The Democrats are busy at the FCC these days. They say they are investigating anti-trust matters. In the mobile phone arena. it appears there is widespread unhappiness at the anti-trust practices of the big 4 players.
By Paul Taylor in New York
Published: August 27 2009 18:50 | Last updated: August 27 2009 18:50
US regulators launched a broad assault on the US mobile phone industry on Thursday announcing an investigation into competition in the sector dominated by the ‘big four’ wireless network operators: AT&T, Verizon Wireless, Sprint Nextel and Deutsche Telekom’s T-Mobile USA unit.
The Federal Communications Commission, now controlled by the Democrats, voted 5-to-0 to pursue the inquiry, which is seen as a further indication that the Obama administration is stepping up scrutiny of antitrust matters.
Consumer advocates and smaller mobile network operators have complained that the wave of consolidation that swept through the US mobile industry earlier this decade has damaged competition and put too much power in the hands of the big four national operators.
Among the issues likely to be considered by the agency are whether large companies like AT&T and Verizon Wireless thwart competition by charging high fees for connecting smaller rivals’ calls over their networks and for using lines that carry data for wireless internet services.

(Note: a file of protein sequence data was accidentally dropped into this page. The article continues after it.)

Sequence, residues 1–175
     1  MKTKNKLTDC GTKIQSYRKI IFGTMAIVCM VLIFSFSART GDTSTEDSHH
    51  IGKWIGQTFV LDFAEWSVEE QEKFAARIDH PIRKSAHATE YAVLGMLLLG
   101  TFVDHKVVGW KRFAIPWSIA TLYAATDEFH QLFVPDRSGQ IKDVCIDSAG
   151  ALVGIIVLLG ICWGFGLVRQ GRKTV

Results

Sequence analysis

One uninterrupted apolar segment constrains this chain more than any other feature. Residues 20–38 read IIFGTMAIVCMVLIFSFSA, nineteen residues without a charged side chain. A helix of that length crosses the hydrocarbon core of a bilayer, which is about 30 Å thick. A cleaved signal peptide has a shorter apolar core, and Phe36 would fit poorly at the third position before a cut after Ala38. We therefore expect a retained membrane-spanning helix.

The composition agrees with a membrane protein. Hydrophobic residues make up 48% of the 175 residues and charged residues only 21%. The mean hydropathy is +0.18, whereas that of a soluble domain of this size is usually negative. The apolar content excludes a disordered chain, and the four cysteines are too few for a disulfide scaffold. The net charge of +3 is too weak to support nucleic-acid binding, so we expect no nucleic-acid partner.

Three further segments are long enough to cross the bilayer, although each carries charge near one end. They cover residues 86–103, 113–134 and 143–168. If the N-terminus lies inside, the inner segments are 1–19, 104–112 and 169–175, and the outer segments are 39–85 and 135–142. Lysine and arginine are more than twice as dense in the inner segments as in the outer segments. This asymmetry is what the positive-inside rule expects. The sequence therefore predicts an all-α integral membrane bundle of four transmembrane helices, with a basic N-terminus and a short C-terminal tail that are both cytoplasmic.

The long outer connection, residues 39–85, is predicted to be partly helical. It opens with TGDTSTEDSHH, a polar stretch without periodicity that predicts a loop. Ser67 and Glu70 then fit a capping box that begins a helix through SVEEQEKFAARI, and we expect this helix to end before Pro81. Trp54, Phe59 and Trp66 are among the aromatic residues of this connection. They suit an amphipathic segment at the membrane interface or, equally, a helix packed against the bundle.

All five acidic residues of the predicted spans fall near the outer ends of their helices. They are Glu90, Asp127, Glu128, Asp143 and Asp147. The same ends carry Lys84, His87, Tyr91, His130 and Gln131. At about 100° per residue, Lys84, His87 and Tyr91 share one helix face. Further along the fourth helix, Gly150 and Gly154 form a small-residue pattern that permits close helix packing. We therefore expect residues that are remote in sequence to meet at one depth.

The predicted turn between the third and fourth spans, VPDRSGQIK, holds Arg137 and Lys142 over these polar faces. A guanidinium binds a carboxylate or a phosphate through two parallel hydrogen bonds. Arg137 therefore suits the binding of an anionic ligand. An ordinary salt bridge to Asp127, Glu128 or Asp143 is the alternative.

The inquiry will look “broadly at all of the elements that affect what we understand to be the mobile marketplace,” said Julius Genachowski, FCC Chairman. The Democrat was presiding over his second monthly meeting since taking office in June as President Barack Obama’s choice to run the agency that regulates television, radio and telephones.
Robert McDowell, the senior member of the FCC’s Republican minority, noted however that “the wireless market appears to be robustly competitive,” and added: “The phenomenal success of the wireless industry shows how well a light regulatory touch works.”
News of the inquiry also brought a swift response from the CTIA, the Washington-based industry association which said it welcomed the opportunity to ‘tell the industry’s story.”